Why You Shouldn’t Believe
Everything You Read
( 5 Studies We Reject)
THE STUDY: “Best Practices or Best Guesses?
Assessing the Efficacy of Corporate Affirmative
Action and Diversity Policies,” 2006
WHO WROTE IT: Alexandera Kalev, Unversity of
California; Frank Dobbin, Harvard University;
and Erin Kelly, University of Minnesota
SYNOPSIS: Diversity-training programs increase
managerial bias. Mentoring and employee-resource groups have modest, if any, benefit, and
even then only for certain groups. Researchers
acknowledge that organizational responsibility—
diversity staff and task forces—mitigates bias,
but they do not explain how or why.
● The study, which evaluates 708 establishments with diversity programs dating back to
the 1970s, measures diversity-related progress
by only one indicator: racial composition. Such
a narrow measure limits its explanatory value.
● Eighty percent of training programs discuss
legal compliance, framing diversity training as
THE STUDY: “Top Management-Team
Diversity and Firm Performance: Examining
the Role of Cognitions,” 2000
WHO WROTE IT: Martin Kilduff, Pennsylvania State
Smeal College of Business; Reinhard Angelmar,
INSEAD, The Business School of the World; and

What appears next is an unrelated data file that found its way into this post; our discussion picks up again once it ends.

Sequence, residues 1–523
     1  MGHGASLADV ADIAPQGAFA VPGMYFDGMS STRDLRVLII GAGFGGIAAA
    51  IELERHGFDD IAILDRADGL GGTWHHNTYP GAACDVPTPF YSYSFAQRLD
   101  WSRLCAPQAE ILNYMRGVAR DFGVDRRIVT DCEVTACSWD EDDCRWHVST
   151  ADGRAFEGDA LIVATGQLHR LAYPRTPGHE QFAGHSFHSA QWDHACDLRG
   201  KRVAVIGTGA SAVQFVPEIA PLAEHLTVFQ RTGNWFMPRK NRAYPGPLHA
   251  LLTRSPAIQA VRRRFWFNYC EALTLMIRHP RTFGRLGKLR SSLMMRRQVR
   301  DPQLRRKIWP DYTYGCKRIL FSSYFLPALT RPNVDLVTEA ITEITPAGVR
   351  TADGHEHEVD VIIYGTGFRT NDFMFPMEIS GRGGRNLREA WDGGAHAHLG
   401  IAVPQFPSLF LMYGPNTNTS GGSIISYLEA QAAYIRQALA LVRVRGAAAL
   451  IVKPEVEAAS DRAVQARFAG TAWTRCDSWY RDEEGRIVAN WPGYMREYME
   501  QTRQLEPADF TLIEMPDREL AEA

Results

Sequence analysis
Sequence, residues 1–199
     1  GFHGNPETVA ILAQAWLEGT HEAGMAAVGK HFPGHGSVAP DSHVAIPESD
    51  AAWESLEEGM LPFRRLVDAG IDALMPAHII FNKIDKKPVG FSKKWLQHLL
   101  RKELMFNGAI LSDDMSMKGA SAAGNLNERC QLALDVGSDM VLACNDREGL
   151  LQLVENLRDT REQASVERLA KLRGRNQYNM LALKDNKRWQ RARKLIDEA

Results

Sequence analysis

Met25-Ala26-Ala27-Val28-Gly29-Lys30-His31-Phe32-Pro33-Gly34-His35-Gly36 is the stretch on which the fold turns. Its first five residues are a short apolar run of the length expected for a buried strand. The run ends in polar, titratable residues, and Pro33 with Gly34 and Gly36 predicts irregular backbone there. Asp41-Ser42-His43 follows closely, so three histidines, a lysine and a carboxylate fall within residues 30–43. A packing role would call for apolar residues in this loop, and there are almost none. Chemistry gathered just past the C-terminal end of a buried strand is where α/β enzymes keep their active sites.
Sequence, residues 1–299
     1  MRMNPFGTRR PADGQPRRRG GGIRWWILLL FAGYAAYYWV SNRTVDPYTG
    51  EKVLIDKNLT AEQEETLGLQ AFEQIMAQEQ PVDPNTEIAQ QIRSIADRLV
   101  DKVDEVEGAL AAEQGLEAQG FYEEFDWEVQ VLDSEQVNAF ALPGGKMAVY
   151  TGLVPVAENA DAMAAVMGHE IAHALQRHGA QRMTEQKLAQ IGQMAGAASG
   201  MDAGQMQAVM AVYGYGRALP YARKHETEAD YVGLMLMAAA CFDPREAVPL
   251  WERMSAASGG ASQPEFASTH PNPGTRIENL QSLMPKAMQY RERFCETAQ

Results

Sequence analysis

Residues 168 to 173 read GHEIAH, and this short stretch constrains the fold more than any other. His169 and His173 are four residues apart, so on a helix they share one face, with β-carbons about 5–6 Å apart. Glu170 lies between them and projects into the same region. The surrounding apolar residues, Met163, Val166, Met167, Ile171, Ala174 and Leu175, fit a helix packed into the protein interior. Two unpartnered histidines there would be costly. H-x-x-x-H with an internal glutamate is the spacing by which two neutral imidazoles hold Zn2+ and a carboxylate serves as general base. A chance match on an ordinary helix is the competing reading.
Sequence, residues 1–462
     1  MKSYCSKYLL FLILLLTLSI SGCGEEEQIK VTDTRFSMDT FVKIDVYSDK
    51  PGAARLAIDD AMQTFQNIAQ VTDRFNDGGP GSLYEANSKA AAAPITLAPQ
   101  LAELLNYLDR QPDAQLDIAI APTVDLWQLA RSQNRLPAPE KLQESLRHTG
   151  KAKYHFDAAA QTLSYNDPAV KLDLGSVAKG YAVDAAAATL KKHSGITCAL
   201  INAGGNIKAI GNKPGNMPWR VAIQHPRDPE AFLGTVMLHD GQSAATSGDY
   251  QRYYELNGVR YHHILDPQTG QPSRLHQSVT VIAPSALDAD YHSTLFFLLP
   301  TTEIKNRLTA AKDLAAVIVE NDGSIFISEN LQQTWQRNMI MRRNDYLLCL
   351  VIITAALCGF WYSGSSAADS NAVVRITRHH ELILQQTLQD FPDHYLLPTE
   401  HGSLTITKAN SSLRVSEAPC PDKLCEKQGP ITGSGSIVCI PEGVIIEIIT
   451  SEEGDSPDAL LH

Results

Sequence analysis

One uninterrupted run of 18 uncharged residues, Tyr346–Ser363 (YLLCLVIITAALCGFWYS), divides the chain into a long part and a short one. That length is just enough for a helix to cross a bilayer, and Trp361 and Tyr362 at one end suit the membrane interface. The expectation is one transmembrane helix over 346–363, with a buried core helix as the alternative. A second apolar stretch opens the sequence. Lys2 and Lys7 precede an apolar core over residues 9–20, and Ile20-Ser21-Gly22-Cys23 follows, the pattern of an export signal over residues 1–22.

Ajay Mehra, University of Cincinnati
SYNOPSIS: Cognitive diversity improves team productivity by spurring innovation through exploration
of divergent views. Demographic diversity has no
impact on performance outcomes. But can one type
of diversity be considered independently of another?
a defense mechanism instead of a proactive
● Lumps affirmative action and diversity in the
same category—an approach that positions
diversity as reactionary and compliance-driven.
The word “strategy” is not mentioned once in
the 29-page document, which suggests the
researchers may need to reevaluate their view
of the business case.
● Frames mentoring and employee-resource
groups as antidotes to “social isolation” rather
than avenues of professional development. It’s
not surprising these programs proved ineffective, given the context.
● Studies 35 simulated firms run by 159 managers
attending executive education programs. The lab setting limits application to the field.
● Does not assess the interplay of diverse attributes or
evaluate long-term group process. Demographic
diversity becomes less salient as groups work together
over time and develop more convergent views and